The word comes from an old Star Trek episode in which the Starship Enterprise encounters a planet populated and run entirely by children, who call Kirk and the crew "grups," short for grown-ups. An article about grups by Adam Stenbergh in New York magazine cites many of the familiar grup/kidult/yupster characteristics, though their take on it emphasizes affluence and materialism (spending hundreds of dollars on shredded jeans and vintage rock t-shirts), as well as some aspects of maturity (unlike kidults who never left home, many grups have marriages, kids and careers).
Truth is, pretty much everone under the age of 50 exhibits some grup-like characteristics. In fact, the New York piece makes a tongue-in-cheek stab at ranking "the four stages of grupitude." But why is this happening? And what's the significance?
The most obvious consequence may not be that grups/yupsters/whatever are fighting aging so much as that the "generation gap" that delineated the kid and the adult worlds has disappeared. Not only do thirty- and fortysomethings enjoy current pop culture, but their children appreciate the music, movies and fashions of their parents' youth (witness VH1's I Love the 80s).
A number of trends have nudged us in this direction, from the increasingly casual dress codes at work to the persistent marketing of counterculture “rebellion” as an easily attainable, catchall symbol for cool. During the dot-com boom, businesses not only allowed people to come to work in clothes they might usually wear to clean out the attic but encouraged this as a celebration of youthful vivacity and an upheaval of the fusty corporate order. Suits were thought to be the provenance of, well, suits. The dot-com bubble burst, but the aesthetic remained, as part of the ongoing rock star–ification of America. Three-day stubble and shredded jeans are the now-familiar symbols of the most desirable kind of affluence and freedom. So why would anyone dress up anymore? A suit says, My mother made me wear this to go to a bar mitzvah. The Grup outfit says, I’m so cool, and so damned good at what I do, I can wear whatever the hell I want. At least when I go out to brunch.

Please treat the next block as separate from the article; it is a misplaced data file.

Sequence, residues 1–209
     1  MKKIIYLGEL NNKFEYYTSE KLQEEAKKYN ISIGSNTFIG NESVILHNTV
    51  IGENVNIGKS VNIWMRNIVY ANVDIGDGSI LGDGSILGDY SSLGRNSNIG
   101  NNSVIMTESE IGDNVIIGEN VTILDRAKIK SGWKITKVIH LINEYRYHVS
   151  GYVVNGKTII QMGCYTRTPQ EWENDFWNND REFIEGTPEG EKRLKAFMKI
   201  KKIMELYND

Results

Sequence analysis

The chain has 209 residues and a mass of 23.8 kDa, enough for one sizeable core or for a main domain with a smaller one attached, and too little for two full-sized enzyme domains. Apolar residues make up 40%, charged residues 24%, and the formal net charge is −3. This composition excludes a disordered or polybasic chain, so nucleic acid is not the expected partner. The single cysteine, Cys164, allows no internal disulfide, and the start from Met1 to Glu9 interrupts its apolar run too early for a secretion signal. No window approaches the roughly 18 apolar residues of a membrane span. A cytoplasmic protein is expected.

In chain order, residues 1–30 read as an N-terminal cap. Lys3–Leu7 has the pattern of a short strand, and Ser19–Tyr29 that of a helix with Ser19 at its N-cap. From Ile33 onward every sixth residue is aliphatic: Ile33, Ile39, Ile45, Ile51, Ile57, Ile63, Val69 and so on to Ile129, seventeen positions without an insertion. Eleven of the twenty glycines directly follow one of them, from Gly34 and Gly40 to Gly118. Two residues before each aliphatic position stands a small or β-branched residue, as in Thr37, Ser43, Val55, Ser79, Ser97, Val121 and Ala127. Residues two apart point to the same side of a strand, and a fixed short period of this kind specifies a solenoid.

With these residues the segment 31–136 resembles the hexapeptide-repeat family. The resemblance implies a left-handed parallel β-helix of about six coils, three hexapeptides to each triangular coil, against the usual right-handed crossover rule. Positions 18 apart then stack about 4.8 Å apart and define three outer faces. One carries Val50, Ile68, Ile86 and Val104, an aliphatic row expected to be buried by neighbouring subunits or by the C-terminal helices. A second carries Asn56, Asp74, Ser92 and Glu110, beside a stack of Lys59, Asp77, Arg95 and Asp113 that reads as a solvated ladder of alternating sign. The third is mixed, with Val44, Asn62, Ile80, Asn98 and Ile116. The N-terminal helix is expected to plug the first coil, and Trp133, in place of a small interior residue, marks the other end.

The subjects profiled in the New York article are extreme cases -- upscale, educated New Yorkers with the time, resources and inclination to obsess over style. That obsession, though, can be especially unsettling when it trickles down to (or is forced on) grups' kids:
“It’s hard to say [what the impact of grup-style parenting will be] right now, because most of these kids are between the age of zero and 5,” says Pollack [one of the grups profiled]. “So they’re still . . . I don’t want to say accessories, but they’re still moldable. You can still sort of play with them.” Although, if you’re planning to take this parental approach, you’d better make damn sure you’ve got good taste. “I find myself arguing with dads about the music their kids like,” he says. “One guy was telling me his son was really into Wilco. And I was telling him that’s lame. Because Wilco is so over.”
Of course, there are plenty of places around the country where is it not OK to wear tattered jeans to the office. But for many grups and grup wannabes, this is not a problem... because, between their preference for freelancing and telecommuting, there's no office to go to. In yet another trend we've explored extensively, grups are among those professionals who expect to be able to work whenever, wherever they want. And here might lie the most important significance of the grup phenomenon. Instead of yearning to climb the proverbial corporate ladder (such as it is these days), grups are singing, "Take This Job and Shove It"...
The Grup does not want a corner office. The Grup does not yearn for a fancy title. The Grup does not want—oh, please, do not ask the Grup to manage—a staff...
A human-resources executive told me recently that there’s a golden rule of HR: To motivate a baby boomer, offer him a bonus. To motivate a Generation-Xer, offer him a day off. The Grup, I think, would go for the day off, too....
You see, it’s not that Grups don’t want to work; they just don’t want to work for you. In a recent Money magazine poll about bosses, 54 percent of the respondents said they wouldn’t want their boss’s job no matter how much money you paid them. Fifty-four percent.
Remember, grups are of the generation burned by layoffs of the '80s onward, so they have no reason or intention of giving corporate America their undying loyalty. But will their cynicism and reluctance to play the corporate game be enough to reinvent the workplace for the rest of America? And will it trickle down to workers with less education? Management gurus such as Tom Peters have been talking up grup values for years: passion and the need to have fun and make a difference rather than just make money. Now, it may be more than just talk. Businesses that recognize grups as both employees and consumers in a different mold will have an edge over those that don't.